How to Clean My CD Player
By Josh Fredman
If your CD player starts skipping around or missing some tracks entirely, the culprit is a probably a dirty lens head. With front-loaded CD exchangers you can't get to the head without disassembling the entire unit. Fortunately, you can send a cleaning disc inside to do your work for you. You can make one yourself, so there's no need to buy commercially. You should also clean the front of the CD player, as dirt gets inside not just from the discs themselves but from collecting on the front of the player and being pushed inside over time.
Cleaning the Front Housing
Remove the CD, if any, and power off the stereo system.
Spray compressed air across the front of the CD player with a concentrated burst on the CD opening. Hold the can at an oblique angle so that any dust blows off to the side rather than into the slit.
Dampen a clean washcloth and clean the CD opening slit and surrounding area to remove any grime that doesn't blow off.
Cleaning the Lens Head
Take a lint-free, non-scratch wipe and cut two strips 1/4 of an inch in length. Make them about 1/8 of an inch longer than the distance between the outer and inner edges of a CD.
Take a blank CD or one that you don't mind losing. Make sure that it's clean and in good condition. On the active, shiny side of the CD draw a thin line of adhesive with your superglue pen from the outer edge of the CD to the inner edge. Do the same thing on the other side so that your CD looks like it's divided in half by superglue.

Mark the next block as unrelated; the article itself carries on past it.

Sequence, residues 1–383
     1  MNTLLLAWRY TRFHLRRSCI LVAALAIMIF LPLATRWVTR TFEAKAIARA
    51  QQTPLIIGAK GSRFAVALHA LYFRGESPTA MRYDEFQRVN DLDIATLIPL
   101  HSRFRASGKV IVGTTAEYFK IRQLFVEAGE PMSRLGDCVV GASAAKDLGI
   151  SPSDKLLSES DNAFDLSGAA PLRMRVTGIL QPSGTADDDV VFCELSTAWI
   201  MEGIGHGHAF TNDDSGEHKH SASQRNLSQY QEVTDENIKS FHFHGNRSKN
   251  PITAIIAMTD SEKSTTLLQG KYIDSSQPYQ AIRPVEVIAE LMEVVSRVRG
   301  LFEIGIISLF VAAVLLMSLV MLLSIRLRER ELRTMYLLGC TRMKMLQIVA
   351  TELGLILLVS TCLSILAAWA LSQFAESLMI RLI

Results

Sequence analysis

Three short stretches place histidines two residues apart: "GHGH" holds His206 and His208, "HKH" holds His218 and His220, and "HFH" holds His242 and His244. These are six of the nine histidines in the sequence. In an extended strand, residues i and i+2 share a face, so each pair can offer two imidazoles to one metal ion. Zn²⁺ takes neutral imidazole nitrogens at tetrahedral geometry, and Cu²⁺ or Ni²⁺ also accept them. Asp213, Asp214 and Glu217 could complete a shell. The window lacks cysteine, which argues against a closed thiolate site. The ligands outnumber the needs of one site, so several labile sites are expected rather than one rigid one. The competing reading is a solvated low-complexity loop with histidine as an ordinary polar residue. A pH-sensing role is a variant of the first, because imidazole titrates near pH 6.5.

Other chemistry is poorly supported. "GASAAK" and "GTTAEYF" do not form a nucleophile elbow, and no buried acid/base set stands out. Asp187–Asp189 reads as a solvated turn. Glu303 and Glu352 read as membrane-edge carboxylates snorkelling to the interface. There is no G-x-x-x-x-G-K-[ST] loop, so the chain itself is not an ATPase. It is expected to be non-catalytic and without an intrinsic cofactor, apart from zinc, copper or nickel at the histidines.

Apply the pads to the superglue and allow the glue to set. Place the pads carefully so that loose material remains on all four sides. These flaps will brush over the lens head of the laser, performing the actual cleaning.
Power up the CD player and insert the cleaning disc. The player should spin it around a few times and eject it. Repeat this process two or three more times. Optionally, you can then lightly dampen the pads with isopropyl alcohol or an optical lens cleaner and repeat the process. If you do this, allow the system an hour to dry.
Josh Fredman is a freelance pen-for-hire and Web developer living in Seattle. He attended the University of Washington, studying engineering, and worked in logistics, health care and newspapers before deciding to go to work for himself.